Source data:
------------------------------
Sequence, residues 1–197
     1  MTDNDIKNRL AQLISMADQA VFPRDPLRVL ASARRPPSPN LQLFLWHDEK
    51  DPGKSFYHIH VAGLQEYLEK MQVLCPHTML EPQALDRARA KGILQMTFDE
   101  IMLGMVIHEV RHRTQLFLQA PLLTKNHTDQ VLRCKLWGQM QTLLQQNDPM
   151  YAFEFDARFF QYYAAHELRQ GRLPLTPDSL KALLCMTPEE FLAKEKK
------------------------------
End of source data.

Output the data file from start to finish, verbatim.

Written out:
Sequence, residues 1–197
     1  MTDNDIKNRL AQLISMADQA VFPRDPLRVL ASARRPPSPN LQLFLWHDEK
    51  DPGKSFYHIH VAGLQEYLEK MQVLCPHTML EPQALDRARA KGILQMTFDE
   101  IMLGMVIHEV RHRTQLFLQA PLLTKNHTDQ VLRCKLWGQM QTLLQQNDPM
   151  YAFEFDARFF QYYAAHELRQ GRLPLTPDSL KALLCMTPEE FLAKEKK